You are a man who has excess fat on his chest, and you don't like it one bit.
What do you do?
In Australia, you have surgery – if you can afford it.
The country has seen a rise in the number of men going through breast-reduction surgery to get rid of their "moobs", aka "man boobs", reports Metro UK.
Men across the UK suffer from what is commonly called #ManBoobs or #Gynaecomastia. If you are one of these men, do not worry you aren't alone as 40-60% of men suffer from the condition which can now be quickly and effectively removed by #Surgery.https://t.co/BVitkW1B8V pic.twitter.com/2j7WmTRjEB— AestheticBC (@AestheticBC) November 23, 2017
Technically called gynecomastia, a full chest on a man can be caused by benign swelling of breast tissue typically caused by an imbalance in hormones, hormone expert Rob Kominiarek told Men's Fitness. However, it can also be caused by weight gain.
At least 30 percent of guys will grow a set of "man boobs" at some point during their life, according to a study in the Indian Journal of Endocrinology and Metabolism.
One dermatologist based in Melbourne, Dr Daniel Lanzer, says he's noticed a significant rise in the number of men going through the procedure. He now performs up to five breast-reduction surgeries on men a day.
Many guys with gynecomastia suffer from self-confidence issues – and can often isolate themselves, because they feel it's unsightly and embarrassing.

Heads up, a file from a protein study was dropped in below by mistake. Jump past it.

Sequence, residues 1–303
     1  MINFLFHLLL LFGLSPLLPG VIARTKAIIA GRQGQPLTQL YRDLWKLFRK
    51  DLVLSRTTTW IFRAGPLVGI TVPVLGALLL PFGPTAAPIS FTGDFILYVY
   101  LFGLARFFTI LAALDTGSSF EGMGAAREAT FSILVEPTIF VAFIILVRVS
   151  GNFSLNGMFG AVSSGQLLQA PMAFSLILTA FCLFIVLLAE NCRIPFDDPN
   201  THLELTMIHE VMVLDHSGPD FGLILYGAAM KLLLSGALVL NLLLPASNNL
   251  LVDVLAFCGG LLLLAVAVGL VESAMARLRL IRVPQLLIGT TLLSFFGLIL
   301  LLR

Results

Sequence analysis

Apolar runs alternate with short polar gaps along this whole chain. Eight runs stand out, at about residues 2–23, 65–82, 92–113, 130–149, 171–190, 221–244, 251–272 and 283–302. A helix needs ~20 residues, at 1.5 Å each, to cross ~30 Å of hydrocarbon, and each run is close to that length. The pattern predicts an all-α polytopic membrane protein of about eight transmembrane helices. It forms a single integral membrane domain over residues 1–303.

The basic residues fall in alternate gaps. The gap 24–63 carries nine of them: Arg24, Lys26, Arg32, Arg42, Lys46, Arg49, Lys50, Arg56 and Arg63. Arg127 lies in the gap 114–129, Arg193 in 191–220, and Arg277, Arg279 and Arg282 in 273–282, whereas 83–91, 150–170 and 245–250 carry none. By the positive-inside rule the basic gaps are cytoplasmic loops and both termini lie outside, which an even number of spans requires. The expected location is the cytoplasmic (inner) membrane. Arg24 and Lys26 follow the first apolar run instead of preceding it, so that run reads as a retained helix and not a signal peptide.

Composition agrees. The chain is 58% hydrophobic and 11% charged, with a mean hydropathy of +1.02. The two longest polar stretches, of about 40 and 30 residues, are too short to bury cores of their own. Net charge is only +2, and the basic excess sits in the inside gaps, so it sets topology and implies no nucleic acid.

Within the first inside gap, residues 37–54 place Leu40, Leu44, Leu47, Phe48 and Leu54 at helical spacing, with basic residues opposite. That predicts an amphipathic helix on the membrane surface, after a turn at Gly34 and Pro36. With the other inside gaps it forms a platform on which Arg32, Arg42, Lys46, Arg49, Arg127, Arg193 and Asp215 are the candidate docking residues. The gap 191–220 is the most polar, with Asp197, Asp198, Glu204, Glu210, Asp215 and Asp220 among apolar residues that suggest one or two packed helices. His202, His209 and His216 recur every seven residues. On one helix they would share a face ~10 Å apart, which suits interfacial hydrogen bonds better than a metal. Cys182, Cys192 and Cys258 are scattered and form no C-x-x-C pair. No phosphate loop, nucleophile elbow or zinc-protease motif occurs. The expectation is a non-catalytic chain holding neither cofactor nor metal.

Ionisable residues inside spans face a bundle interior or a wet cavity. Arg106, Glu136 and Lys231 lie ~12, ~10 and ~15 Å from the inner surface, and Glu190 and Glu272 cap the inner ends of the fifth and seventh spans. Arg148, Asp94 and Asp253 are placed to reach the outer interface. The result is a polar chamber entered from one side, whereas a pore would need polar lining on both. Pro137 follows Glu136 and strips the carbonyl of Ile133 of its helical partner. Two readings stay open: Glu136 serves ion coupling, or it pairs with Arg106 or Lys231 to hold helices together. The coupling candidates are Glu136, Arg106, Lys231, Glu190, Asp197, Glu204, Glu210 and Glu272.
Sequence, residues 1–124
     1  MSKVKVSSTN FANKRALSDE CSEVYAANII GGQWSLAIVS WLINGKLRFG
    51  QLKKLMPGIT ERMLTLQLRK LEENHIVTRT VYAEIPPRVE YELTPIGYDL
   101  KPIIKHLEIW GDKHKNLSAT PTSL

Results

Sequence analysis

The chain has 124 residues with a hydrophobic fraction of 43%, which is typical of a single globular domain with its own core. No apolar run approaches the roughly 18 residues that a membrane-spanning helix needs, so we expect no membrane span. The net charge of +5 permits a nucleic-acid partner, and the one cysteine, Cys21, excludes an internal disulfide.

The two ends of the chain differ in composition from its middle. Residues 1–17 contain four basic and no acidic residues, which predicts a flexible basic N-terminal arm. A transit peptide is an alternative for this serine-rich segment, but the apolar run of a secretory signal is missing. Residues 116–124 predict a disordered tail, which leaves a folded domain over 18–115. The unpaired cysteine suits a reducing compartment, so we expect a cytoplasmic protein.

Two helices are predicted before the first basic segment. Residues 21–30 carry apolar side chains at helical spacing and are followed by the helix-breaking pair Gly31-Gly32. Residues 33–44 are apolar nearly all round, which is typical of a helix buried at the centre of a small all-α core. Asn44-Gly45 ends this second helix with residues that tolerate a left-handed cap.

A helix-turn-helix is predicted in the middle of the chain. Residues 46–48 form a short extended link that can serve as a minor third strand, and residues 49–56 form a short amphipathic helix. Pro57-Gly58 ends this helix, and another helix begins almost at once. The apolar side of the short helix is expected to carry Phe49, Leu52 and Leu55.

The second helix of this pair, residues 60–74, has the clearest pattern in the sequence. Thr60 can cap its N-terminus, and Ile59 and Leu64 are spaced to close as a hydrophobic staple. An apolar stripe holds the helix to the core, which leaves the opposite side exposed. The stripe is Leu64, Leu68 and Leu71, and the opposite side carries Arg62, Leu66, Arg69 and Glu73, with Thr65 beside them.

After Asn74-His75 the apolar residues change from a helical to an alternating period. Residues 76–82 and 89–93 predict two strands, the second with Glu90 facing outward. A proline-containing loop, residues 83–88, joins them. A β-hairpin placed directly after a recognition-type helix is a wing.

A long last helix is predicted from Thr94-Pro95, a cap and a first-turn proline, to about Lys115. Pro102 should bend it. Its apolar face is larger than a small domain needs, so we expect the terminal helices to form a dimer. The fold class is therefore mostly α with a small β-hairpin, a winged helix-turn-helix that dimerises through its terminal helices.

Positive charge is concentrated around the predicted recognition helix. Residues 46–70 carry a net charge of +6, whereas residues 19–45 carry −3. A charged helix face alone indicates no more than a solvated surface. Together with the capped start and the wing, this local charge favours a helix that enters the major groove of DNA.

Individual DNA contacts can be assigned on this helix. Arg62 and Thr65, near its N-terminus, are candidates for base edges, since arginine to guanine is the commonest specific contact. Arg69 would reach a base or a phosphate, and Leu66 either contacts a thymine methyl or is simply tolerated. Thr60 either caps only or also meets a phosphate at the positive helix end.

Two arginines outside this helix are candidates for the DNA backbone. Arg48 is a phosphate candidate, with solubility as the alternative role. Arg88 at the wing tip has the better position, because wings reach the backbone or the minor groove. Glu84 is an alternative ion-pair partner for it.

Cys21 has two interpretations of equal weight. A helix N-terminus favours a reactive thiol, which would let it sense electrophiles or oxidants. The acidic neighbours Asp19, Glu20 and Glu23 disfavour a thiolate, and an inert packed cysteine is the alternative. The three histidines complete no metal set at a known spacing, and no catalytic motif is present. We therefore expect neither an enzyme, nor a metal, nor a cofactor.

The procedure involves making a small incision in the breast, then using liposuction to suck out the fat in the area.
Lanzer reports that many of the men who come in for the treatment have been teased for years, and are often too embarrassed to take their shirts off on the beach.
"Many guys with gynecomastia suffer from self-confidence issues – and can often isolate themselves, because they feel it's unsightly and embarrassing," said Kominiarek.
Mental health issues such as depression, anxiety and social phobias can develop as a result.
A U.S. study on adolescent boys found that those with gynecomastia had lower scores on a standard quality of life assessment, indicating problems in several areas including general health, social functioning and mental health. Breast enlargement was also associated with lower scores for self-esteem. This, along with impairment in emotional areas of quality of life, appeared directly related to gynecomastia, rather than being overweight.
Hitting the gym, eating clean and not taking steroids should be considered by men before surgery, suggests Kominiarek – because like most surgeries, breast reduction surgery can be pricy, recovery can take some time, and as with all surgeries, there are risks of infection.